In 1998, spurred on by a cardinal’s praise for Gill, Margaret Kennedy, who campaigns for Ministers and Clergy Sexual Abuse Survivors, called for the works to be removed.
“Survivors couldn’t pray at the Stations of the Cross. They were done by a paedophile. The very hands that carved the stations were the hands that abused. He abused his maids, his prostitutes, animals, he was having sex with everything that moved – a very deranged man sexually.”
But Stack commented: “There was no consideration given to taking these down. A work of art stands in its own right. Once it has been created it takes on a life of its own.”
Does it though? It might be easier to make this argument for the Stations of the Cross than for nude sketches of Gill’s teenage daughter. But should we therefore stop using the clean, neat typeface Gill Sans, created by Gill? That would make life exceptionally tricky for millions of people worldwide who rely on it as the core of their corporate style guide.
Popular Italian medieval composer Carlo Gesualdo
brutally murdered his unfaithful wife, her lover, his child, yet we still listen to his music enraptured. He is remembered for writing intensely expressive madrigals and sacred music that use a chromatic language not heard again until the late 19th century.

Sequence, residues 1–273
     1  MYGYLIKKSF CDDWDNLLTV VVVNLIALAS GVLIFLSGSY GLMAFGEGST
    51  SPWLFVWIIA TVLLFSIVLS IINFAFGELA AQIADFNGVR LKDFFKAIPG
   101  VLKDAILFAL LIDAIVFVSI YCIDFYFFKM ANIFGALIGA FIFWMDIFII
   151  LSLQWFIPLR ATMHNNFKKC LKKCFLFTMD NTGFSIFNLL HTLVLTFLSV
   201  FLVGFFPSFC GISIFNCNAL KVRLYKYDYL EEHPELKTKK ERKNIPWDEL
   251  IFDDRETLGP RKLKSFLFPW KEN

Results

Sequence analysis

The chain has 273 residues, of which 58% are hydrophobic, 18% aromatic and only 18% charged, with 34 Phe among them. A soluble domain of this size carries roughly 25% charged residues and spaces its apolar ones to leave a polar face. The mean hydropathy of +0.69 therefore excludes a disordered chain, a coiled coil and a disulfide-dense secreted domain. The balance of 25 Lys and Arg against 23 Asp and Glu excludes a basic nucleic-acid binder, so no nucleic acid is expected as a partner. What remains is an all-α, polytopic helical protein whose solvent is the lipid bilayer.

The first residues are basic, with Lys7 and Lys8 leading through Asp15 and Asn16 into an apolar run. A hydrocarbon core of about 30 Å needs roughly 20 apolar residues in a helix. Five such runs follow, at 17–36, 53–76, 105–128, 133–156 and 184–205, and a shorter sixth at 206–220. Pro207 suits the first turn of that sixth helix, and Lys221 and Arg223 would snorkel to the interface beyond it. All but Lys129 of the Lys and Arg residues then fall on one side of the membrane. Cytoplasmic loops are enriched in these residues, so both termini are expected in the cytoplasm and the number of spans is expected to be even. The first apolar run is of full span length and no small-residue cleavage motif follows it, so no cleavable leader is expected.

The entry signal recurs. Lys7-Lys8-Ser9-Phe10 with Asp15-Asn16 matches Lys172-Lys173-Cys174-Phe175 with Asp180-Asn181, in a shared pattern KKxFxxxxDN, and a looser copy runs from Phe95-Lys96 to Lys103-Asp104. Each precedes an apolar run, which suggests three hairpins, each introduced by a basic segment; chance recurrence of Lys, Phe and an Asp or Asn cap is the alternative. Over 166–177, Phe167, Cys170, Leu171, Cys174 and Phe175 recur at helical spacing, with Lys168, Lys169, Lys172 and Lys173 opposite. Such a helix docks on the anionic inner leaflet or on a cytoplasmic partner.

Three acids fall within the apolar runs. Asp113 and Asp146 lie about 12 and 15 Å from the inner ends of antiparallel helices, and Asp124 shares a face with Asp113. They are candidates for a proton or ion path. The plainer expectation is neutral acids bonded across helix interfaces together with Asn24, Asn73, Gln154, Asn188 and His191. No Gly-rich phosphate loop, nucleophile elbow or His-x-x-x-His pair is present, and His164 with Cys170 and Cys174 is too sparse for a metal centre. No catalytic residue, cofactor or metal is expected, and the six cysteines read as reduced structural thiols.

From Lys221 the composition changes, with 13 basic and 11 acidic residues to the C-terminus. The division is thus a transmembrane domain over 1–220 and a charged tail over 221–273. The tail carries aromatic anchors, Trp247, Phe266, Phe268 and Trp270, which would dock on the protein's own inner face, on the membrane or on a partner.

No one remembers him for slaughtering the lovers in a frenzied attack, swinging his infant son around until he died, and so forth. Perhaps the passage of time confers some form of forgetfulness, but nevertheless. One has to wonder.
At the Wellthisiswhatithink College of Ethics we do not propose that we know the answer to this conundrum.
If we had to express a view, it would probably be that we want the work preserved, just as we wish the names of such criminals expunged from consciousness. (Unless, perhaps, some extraordinary and meaningful act of contrition has been accepted by their victims.) Both cannot be achieved, of course.
We do have one small idea. Maybe a partial answer to Warrnambool’s problem is simply to grab a brush and paint over Harris’s signature. Over time, the genesis of the work will be forgotten, as will it’s thoroughly obnoxious and destructive author, and we will all be left with what it is now.
A nice painting.